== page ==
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Scientists are calling the Gut ‘the First Brain’, Want to Know Why?

New research led by Flinders University explains the complexities of the enteric nervous system (ENS) in the gastrointestinal tract, showcasing how it behaves similar to other neural networks in the brain and spinal cord. The study again confirms the ENS as the ‘first brain’ in the evolutionary process.

We have been taught that all organ systems are interconnected, and controlled by our central nervous system. But it isn’t true for the human gastrointestinal tract or gut. It has evolved its nervous system known as ‘enteric nervous system (ENS). It is also known as mini-brain or second-brain, but neurophysiologist, Professor Nick Spencer from the Flinders University in Australia now calls it ‘the first brain’ after he studied for the first time how this independent nervous system and its neurons communicate with each other.  The findings of this study are published in the journal Communications Biology in a report titled “Long-Range Synchronization Within the Enteric Nervous System Underlies Propulsion Along the Large Intestine in Mice.”

In an interview with media outlet Inverse, Prof. Spencer explained, “Hydra has an intrinsic nervous system, remarkably like the intrinsic nervous system, (or ENS) in the gut of vertebrate animals that exist today.” He added that while these creatures do not have the brain as we know it, the nervous system still allows them to move and eat.

For the study, Spencer observed propulsion – which caused food to move down the gastrointestinal tract. They used high-resolution video recordings with an analysis of biological electrical activity and were able to study the colons of mice and in particular the way that the gut moves its contents along.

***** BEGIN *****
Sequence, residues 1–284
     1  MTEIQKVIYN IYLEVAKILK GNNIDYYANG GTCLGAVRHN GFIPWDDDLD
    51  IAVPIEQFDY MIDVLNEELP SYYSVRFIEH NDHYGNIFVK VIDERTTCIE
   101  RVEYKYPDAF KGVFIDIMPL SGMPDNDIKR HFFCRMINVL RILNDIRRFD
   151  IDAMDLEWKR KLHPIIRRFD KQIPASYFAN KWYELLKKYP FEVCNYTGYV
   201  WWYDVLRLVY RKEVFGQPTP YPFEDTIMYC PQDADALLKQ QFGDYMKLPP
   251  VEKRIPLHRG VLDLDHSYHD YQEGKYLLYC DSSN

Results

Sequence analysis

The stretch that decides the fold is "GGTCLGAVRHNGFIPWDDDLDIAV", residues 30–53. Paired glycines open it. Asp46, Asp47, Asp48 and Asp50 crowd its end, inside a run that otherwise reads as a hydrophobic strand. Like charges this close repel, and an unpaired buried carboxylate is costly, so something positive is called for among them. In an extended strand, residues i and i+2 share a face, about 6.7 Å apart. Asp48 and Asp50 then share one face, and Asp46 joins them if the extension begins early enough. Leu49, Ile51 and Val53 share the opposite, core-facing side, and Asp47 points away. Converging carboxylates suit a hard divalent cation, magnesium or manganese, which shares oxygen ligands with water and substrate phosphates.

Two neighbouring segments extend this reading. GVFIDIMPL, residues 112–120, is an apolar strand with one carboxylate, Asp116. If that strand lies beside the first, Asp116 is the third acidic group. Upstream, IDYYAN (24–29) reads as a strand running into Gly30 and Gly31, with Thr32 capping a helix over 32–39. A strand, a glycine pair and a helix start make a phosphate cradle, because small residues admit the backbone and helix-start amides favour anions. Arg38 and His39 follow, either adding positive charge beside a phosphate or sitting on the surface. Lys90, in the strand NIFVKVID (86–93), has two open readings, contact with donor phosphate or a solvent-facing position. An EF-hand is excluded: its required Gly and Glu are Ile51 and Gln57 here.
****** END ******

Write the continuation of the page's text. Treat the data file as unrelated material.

They found that thousands of neurons inside the ENS communicate together to cause contractions down the gastrointestinal tract. It is unknown how these neurons were able to join forces together to perform propulsion.

“Interestingly, the same neural circuit was activated during both propulsive and non-propulsive contractions,” says Nick Spencer.

They discovered that connecting neurons fire to propel the contents of the colon down the gut by excitatory and inhibitory motor neurons. It means that ENS is not as simple as we thought but instead it has far more complex circuitry, spread over a large section of the gut and various types of neurons that work as to team.  About the different nature of propulsion from the rest of the bodily system, the paper states that “The mechanism identified is more complex than expected and vastly different from fluid propulsion along with other hollow smooth muscle organs” The study proves that ENS is the ‘first brain’ instead of being the second, and it may have evolved in animals far long before the actual brain did. The study highlights how the enteric nervous system acts similarly to neural networks in the brain and spinal cord.

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